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Plants, Birds & Pollinators: Art Serving Science

The Denver Botanic Gardens and the GNSI are pleased to announce a premier juried exhibition opportunity for GNSI members only, highlighting the subject matter of plants, birds, and pollinators. Original art  (including prints of digital works) in 2- or 3-dimensions.

GNSI Exhibit at the Denver Botanic Gardens

Members of the Guild of Natural Science Illustrators are featured in this premier juried exhibition of works celebrating the vital role of pollinators. Using skill and informed observation, scientific illustrators bring a high level of expertise to their subject.

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2014 California Academy of Sciences Residency

2014 California Academy of Sciences Residency

One Truth, Many Lies: A New View of Art & Natural History Collections, a new Artist Residency Program at the California Academy of Sciences is seeking applications from West Coast visual artists for 2-3 day residencies in the spring/summer of 2014.

Deadline to apply: December 13, 2013

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Call for Presenters: 2014 Comics and Medicine Conference

The Johns Hopkins University School of Medicine Department of Art as Applied to Medicine in collaboration with Graphic Medicine invites papers for the fifth Comics & Medicine conference, a gathering of healthcare professionals, artists, academic scholars, comics enthusiasts, students, and various stakeholder groups. The conference will take place on June 26-28. Stay tuned for information by subscribing to the site at the link on the top right of the homepage. Additional information on the conference is available on the conference home page.

The theme of this year’s conference, From Private Lives to Public Health, aims to highlight the relationship between comics, personal health narratives, and public health issues such as barriers to healthcare and the stigma of illness. We invite the submission of a wide variety of abstracts focusing on medicine and comics in any form (e.g. graphic novels, comic strips, manga, webcomics) including:

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Call for Exhibits: Creature Design Contest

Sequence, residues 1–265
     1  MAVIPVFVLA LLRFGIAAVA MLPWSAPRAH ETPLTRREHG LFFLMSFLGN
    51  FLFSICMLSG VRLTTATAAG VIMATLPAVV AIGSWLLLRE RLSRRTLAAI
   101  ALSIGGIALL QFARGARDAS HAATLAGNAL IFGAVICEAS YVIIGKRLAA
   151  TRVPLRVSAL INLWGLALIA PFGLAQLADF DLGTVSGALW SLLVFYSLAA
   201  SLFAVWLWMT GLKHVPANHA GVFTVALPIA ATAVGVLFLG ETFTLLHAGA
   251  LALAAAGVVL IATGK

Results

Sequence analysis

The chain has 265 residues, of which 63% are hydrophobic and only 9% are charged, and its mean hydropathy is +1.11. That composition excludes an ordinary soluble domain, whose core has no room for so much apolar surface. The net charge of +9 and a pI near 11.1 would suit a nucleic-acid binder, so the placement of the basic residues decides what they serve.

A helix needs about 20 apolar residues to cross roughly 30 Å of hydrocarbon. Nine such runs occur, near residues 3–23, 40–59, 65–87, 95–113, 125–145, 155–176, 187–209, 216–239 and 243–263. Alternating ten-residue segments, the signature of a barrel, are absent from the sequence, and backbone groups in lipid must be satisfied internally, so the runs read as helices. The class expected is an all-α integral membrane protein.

Creature artist Terryl Whitlatch, well known for her work on Star Wars movies, presented a keynote and workshop at last year's GNSI meeting. She has her own production company now and she is holding a creature drawing contest that some of you might be interested in.

Creature Design Contest

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Call for Exhibits: Wings and Water

Wings & Water: A Juried Exhibition of 2D and 3D Art is a national exhibition exploring artists' perceptions and imagery that comes to mind with the words wings and water, be the imagery botanicals, birds, insects, fish, animals, water/shore environment…open for interpretation. The exhibition is offered though River Arts Inc., a non-profit organization based in Prairie du Sac, Wisconsin dedicated to enriching, inspiring, and educating through the arts. All artists, styles, techniques, and media are welcomed. Please see the details through Café (Callforentry.org). January 1 deadline for March 7-May 6, 2014 show.

Full details and link to entry forms

Developing A Portable Studio

If you attended the past two conferences and stopped by the Technique Showcase, you were treated to a display of field kits presented by a number of our members. It was obvious that the choice of equipment and supplies is as varied as the artists who use them, and depends on their preferred way of working, locale, subjects, etc. And of course, different circumstances may require different kit compositions. All agree, though, that the best way to choose and use your own field kit is to just get out there and try various items out. Keep sketching! We will feature more field kits in future issues.